“If you’re at the stage of looking at ideas to patent, consider inventing a better “rudder” before taking on the “ship,” it might save you a lot time, money and heartache.”
There is this false belief that as soon as an inventor comes up with their killer idea they must get it patented before it’s ripped off by a mega corporate company. And, although I can’t say that having ideas copied won’t ever happen if patent protection isn’t secured early in the process, I would simply urge anyone setting out with a goal to making a career out of inventing to (1) weigh up what might be realistic to patent and (2) when to actually apply for the patent, here’s a story that I hope will make you think about it from another perspective…
The penalty of patenting your idea too early
I once met a retired teacher at a University I was giving a talk at, he proudly told me during a coffee break that he had invented a ship and it took him all of 20 minutes to try and explain how it worked, he’d lost me after around 50 seconds, I couldn’t grasp the concept, his idea was too big. It transpired that this rather charming gentleman had desperately applied for his patent some 3 years earlier and was still working on his ship, I hasten to add that he lost most of his protection rights, not to mention thousands of pounds of his own money, and no one so far, has copied anything he came up with.
The power of patenting your idea later
Let’s assume this inventor needed 4 years to complete his proto-type or working model, kept it secret, and then applied for his patent – he’d have had 12 months to focus his time on finding out how he might profit from his idea, whether trying to licence it to ship builders, seek out manufacturer’s to produce it for him or whatever he felt was an appropriate step to take..
If you’re at the stage of looking at ideas to patent, my first piece of advice is, consider inventing a better “rudder” before taking on the “ship,” it might save you a lot of time, money and heartache.
I have lost count of the array of complicated inventions I have witnessed, most of which end up eating up money and heading towards the scrap heap with the “ship.”
Pick your pain point and adopt a business mindset
I picked on the biggest pain point in my own industry and then decided to develop a simple solution that would only take me 6 months to develop, my motive was to change my life in the fastest time possible. My plan was to apply for a patent once I had a working model in my hands, and manufacturer’s waiting in the wings to produce it, I simply didn’t want to be tinkering for years and run up costs.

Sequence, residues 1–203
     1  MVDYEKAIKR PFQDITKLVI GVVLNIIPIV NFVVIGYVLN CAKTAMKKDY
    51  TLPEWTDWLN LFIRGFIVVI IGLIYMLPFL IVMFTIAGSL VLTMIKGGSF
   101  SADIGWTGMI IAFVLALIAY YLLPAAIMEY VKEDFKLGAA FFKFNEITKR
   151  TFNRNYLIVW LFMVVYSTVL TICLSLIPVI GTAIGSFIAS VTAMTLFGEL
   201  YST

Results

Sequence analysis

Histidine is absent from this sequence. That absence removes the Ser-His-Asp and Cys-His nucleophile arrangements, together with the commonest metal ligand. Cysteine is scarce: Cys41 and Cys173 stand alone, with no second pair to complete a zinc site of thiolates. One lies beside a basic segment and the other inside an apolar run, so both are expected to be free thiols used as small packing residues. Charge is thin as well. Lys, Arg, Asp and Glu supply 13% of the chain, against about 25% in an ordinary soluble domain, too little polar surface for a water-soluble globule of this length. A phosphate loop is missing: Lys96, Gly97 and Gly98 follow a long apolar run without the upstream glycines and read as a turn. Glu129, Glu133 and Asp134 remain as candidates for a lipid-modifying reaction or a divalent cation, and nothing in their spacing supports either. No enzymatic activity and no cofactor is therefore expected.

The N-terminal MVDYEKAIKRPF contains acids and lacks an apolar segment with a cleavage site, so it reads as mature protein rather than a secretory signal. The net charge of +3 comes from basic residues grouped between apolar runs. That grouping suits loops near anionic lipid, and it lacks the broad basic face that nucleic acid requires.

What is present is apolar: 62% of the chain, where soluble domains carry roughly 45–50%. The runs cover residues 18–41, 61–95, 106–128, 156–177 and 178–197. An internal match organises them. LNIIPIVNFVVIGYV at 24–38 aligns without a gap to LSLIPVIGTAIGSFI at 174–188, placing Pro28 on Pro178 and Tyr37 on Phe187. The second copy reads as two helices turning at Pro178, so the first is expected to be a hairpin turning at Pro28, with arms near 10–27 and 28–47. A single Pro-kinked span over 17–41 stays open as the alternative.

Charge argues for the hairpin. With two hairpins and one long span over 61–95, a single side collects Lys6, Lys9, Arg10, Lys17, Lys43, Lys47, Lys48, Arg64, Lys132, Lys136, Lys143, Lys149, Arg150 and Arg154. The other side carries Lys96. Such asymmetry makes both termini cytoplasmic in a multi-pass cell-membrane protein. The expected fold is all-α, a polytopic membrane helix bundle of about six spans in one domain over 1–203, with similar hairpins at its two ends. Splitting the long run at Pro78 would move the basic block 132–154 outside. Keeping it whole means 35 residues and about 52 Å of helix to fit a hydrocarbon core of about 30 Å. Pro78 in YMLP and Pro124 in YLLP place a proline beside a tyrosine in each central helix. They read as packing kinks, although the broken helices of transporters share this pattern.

The day I produced my first 2 proto-type Tri-Creaser’s I applied for my patent and installed both at my first customer site the day after I received my patent pending status and I spent the next 12 months selling around 200 more so I could pay for my international patent protection.
My Tri-Creaser uses an o-ring style component as the key to achieving the results my customers desire to stop printed card materials from cracking on the spine when folded, it is a small item they need for their machine, my “rudder” that fit’s their “ship.”
My customers pain point (red cross) and solved (green tick) by attaching my Tri-Creaser to their machine
Whether you feel you have entrepreneurial qualities lurking somewhere inside you or not, I would strongly advise you to set up a company or at least adopt a very strict business mindset when it comes to bringing your idea to life, and keep it all secret, this is crucial as you can’t afford any of your ideas to be leaked.
Business owners don’t sell ideas, why should you? Remember, the idea itself is only 10%, getting your idea into an evolved product and sold to the masses is the hard part!
To reiterate my point, I can’t advise on whether you patent early or wait until your product is ready to go, but I can urge you to keep your first idea simple so that you do it sooner rather than later. The retired teacher didn’t think his idea would take several years to develop, no one ever does!
Oh, and it’s worth mentioning that I have also invented a few “ships” that have taken me several years to perfect, but I had the financial resources in place due to my first simple idea selling well, and the customers in place to buy them, I hope you take this advice on board (no pun intended)